Sunday 20 August 2017

More Weirdness

First, let me apologize to any and all Brits for the below.  I think -- I mean, I've been informed -- that the language I use below is quite offensive here, and for that I'm sorry.  It's just that everything here is still SO WEIRD, and these words just aren't offensive to me... but maybe they will be in a few more weeks?

Let's warm up with just weird instead of inappropriate or profane.  I'm the idiot tourist (not a tourist!  ha!) taking surreptitious photos of the things that jump out at me as not normal in Canada.  Yes, I realize that I'm not in Canada anymore, but some of these things are just not...normal.  Words fail me.

Take this warning sign in an elevator:

I think it could also be a toe trap, small-child's-arm trap, tail trap...

Or this detail of the tube map.  I thought of my dear kindred spirit, Bec, and giggled like, well, like my 4-, 7-, and 8-year olds were doing.

Down in Trafalgar Square, one might ask, what has one thumb each and thinks the Hufflings are pretty cool?

These guys.  One might also ask the significance of a giant, elongated thumb... best not to.

I jogged past a nice little inn the other day with dragging Ziggy (it was the home stretch).  We had gone there for dinner already, and it's billed as being "dog-friendly" - more on that later - but we didn't want to risk having our dog kicked out of a dog-friendly restaurant, so we left him at home.  The food was amazing, the inn dogs (Gin and Fizzy) pleasant and calm, and we will definitely go back again, with or without the kids and dog in tow.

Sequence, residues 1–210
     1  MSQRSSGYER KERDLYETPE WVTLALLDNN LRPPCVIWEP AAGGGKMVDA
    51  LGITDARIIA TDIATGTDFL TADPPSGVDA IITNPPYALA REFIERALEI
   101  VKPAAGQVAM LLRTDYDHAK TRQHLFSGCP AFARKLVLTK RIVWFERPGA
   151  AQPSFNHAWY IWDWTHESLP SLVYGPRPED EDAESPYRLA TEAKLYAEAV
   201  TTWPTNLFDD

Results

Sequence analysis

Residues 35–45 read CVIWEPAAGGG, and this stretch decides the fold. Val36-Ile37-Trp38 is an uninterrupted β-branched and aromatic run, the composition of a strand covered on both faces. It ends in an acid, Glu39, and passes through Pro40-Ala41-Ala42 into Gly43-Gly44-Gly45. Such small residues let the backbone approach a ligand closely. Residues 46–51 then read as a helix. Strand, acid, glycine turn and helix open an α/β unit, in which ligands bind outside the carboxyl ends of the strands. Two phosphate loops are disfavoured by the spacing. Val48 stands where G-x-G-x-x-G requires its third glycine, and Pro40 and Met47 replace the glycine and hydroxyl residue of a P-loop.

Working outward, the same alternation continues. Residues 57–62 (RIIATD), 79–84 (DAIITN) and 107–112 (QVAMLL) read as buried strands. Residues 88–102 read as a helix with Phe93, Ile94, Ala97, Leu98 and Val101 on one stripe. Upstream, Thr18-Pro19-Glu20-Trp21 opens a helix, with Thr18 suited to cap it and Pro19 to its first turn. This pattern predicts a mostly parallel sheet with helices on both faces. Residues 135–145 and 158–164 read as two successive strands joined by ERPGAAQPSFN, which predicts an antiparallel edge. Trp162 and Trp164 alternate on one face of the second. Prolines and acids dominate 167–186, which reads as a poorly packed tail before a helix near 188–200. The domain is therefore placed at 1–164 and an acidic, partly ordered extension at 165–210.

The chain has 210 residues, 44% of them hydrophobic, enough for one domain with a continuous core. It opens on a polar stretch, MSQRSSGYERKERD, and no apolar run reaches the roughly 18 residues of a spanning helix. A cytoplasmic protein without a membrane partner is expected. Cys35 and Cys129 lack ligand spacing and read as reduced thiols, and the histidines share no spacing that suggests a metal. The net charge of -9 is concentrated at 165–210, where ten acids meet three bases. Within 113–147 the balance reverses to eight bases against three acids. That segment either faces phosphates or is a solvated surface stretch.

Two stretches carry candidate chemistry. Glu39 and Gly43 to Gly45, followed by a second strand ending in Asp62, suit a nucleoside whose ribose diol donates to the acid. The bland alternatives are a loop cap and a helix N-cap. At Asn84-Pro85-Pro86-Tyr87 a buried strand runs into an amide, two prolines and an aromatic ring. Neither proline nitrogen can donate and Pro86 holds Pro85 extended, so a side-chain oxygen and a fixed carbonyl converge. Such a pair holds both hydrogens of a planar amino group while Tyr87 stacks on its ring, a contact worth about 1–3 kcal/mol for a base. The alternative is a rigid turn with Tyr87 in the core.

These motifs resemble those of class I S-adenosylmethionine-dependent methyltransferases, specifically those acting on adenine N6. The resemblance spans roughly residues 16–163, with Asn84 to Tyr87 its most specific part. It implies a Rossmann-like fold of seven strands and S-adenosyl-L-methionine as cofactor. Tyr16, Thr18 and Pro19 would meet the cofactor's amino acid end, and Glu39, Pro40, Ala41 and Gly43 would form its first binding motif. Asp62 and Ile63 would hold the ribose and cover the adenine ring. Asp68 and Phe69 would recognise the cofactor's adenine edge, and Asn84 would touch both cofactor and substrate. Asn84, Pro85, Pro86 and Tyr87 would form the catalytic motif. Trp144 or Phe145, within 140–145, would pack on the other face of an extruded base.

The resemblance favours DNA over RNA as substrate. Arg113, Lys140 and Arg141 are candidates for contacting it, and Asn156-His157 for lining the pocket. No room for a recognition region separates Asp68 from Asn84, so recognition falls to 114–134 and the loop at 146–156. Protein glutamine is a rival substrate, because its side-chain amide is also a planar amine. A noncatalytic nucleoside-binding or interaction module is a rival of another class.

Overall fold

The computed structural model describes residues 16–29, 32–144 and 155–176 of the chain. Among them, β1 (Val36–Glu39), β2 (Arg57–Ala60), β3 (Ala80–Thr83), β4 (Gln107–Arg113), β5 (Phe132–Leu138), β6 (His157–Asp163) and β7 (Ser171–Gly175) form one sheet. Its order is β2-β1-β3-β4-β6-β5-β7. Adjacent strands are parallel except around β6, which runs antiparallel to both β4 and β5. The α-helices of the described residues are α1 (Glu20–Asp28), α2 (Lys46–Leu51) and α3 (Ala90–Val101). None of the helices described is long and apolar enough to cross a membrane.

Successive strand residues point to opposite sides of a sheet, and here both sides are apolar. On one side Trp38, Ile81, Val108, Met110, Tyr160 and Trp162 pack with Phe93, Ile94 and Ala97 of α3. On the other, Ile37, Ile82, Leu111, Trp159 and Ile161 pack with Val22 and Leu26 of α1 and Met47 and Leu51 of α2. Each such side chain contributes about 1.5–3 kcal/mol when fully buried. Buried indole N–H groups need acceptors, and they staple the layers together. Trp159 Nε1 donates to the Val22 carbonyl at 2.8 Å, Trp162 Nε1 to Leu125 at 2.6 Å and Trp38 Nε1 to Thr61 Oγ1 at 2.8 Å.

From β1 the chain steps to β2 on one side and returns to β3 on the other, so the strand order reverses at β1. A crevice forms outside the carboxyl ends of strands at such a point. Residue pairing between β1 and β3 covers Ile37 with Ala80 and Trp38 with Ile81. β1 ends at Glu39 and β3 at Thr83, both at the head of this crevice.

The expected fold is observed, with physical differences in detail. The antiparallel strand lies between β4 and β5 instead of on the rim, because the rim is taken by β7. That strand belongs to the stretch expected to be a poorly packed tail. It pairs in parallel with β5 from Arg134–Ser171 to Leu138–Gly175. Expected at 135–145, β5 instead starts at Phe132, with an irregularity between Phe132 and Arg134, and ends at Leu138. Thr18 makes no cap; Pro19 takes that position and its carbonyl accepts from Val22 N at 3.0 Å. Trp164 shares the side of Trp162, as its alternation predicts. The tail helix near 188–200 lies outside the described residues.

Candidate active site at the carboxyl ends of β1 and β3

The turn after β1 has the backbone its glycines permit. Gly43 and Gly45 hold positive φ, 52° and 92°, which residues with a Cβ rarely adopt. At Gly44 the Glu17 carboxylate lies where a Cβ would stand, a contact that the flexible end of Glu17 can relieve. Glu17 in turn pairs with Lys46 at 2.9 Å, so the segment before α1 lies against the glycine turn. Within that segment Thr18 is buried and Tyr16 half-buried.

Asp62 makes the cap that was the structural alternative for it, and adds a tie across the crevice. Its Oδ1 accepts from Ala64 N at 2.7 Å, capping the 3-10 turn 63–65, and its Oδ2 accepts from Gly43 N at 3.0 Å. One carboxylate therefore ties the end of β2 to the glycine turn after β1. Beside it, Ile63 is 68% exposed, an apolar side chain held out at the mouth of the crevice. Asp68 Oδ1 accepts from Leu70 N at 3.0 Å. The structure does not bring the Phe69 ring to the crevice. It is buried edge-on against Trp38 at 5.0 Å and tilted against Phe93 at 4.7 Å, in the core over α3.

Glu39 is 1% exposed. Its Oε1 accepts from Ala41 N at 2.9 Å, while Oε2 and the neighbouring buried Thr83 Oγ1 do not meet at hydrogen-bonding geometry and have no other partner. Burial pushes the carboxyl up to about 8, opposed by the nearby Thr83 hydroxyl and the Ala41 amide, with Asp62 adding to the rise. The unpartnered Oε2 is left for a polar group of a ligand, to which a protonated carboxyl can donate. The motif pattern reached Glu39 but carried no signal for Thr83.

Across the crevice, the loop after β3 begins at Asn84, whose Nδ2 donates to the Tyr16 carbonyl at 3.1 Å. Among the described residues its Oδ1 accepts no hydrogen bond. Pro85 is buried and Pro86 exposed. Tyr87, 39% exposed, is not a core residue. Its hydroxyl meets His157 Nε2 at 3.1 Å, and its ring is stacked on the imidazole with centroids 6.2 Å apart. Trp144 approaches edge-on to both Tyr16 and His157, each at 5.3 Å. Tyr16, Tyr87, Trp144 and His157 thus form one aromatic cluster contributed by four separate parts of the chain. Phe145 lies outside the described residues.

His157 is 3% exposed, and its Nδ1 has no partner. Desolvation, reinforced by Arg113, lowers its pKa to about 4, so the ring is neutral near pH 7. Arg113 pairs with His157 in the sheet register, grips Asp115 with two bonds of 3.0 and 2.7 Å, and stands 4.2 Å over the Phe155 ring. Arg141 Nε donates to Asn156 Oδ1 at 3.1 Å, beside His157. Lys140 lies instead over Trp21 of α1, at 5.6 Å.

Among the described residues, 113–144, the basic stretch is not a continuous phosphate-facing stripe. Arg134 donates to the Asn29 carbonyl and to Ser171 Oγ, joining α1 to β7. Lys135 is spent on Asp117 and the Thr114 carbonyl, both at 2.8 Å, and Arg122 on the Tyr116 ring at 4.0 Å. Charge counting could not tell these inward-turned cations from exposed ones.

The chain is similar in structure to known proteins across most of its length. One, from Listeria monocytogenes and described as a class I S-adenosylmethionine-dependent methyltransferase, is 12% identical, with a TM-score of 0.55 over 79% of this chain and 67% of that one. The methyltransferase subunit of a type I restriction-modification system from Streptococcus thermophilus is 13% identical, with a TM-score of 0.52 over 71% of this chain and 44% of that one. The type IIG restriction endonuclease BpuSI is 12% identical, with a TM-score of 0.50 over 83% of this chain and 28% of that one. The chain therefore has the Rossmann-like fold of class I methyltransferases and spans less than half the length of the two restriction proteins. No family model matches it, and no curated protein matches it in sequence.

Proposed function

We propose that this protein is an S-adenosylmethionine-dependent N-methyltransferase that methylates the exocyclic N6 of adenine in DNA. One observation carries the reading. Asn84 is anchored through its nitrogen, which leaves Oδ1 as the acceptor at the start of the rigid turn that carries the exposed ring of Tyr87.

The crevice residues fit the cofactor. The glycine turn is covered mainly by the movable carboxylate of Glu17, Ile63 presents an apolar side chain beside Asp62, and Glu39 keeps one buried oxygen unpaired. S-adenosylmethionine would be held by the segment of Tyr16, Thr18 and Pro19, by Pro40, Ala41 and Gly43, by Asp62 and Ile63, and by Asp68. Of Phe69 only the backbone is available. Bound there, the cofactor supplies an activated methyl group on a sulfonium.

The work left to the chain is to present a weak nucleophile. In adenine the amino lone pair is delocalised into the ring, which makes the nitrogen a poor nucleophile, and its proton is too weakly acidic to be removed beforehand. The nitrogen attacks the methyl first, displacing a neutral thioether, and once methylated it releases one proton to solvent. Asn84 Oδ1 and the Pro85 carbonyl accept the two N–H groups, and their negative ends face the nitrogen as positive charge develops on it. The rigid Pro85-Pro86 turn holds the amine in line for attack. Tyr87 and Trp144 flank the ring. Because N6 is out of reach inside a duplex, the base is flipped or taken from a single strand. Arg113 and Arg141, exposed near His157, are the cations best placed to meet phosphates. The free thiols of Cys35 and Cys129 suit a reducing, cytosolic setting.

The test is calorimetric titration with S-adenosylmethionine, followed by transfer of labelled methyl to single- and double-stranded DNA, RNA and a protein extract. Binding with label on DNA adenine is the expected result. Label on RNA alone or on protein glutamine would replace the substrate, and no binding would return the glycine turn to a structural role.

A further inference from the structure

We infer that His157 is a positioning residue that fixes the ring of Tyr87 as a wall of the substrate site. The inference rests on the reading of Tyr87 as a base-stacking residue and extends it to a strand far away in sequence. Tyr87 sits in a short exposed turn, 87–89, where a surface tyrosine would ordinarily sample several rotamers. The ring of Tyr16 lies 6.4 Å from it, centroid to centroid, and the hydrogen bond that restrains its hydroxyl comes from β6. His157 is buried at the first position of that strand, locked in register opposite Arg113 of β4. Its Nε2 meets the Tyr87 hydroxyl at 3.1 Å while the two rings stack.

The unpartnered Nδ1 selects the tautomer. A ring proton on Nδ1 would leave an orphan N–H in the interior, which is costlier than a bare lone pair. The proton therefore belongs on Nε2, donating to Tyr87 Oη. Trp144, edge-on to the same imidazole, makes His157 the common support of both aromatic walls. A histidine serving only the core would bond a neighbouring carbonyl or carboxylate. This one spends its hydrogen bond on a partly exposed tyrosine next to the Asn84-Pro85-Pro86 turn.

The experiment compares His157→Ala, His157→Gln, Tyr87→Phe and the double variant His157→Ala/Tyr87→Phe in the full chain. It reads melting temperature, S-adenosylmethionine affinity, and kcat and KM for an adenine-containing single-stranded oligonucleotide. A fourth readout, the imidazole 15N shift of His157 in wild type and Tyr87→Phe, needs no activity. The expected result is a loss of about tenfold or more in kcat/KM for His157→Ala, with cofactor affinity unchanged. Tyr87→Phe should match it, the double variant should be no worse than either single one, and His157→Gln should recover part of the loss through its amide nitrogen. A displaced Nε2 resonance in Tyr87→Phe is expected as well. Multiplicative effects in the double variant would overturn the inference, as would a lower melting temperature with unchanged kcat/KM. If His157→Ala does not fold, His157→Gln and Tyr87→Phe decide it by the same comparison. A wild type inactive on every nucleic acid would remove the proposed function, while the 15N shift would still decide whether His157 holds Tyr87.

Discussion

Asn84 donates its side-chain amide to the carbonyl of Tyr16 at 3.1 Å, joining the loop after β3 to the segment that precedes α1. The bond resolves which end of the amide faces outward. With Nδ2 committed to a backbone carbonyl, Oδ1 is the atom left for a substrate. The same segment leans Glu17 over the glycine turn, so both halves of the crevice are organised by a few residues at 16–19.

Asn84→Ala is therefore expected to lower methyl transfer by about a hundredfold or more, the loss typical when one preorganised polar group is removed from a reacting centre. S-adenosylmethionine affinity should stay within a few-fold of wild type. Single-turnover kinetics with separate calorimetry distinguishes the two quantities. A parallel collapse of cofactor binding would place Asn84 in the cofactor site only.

What I hadn't noticed when we dined there was the lettering on the outside of the building, toting the "Gastro" inside.

Let me tell YOU, British people, that in North America, "gastro" can be applied to "pub", but if used alone, means "gastroenteritis."  Ha.

Ok, on to the juicy stuff.  There was a clickbait about a famous British man calling his wife a "k**b".  Well, naturally that peaked my curiosity, because I couldn't think of any swear word that starts with k and ends with b.  In other news outlets, it was reported as both "k***" and "kn*b", respectively, and I eventually found a very daring site that printed the whole word.

"Chris!" I hissed in horror, "Knob is a bad word here!  We can't even say knob!  Stop calling people knobs!"  

I mean, he doesn't often call people knobs, but it happens from time to time, but now I guess he'll have to stop cold turkey.

(Also, throwing back to my comment a few posts ago, where I thought I was being funny by using the word, fanny, I had been warned by British Friend Viv that "fanny does not mean what you think it means."  I naturally assumed that there was yet another meaning of fanny that she thought I thought it meant, and that fanny just meant bum, which is very saucy.  Chris read my blog about a week later and dashed in to the living room, practically panting.  "Fanny doesn't mean what you think it means!" he gasped, and explained that, in fact, it really, really does not.)

(Oh dear.)

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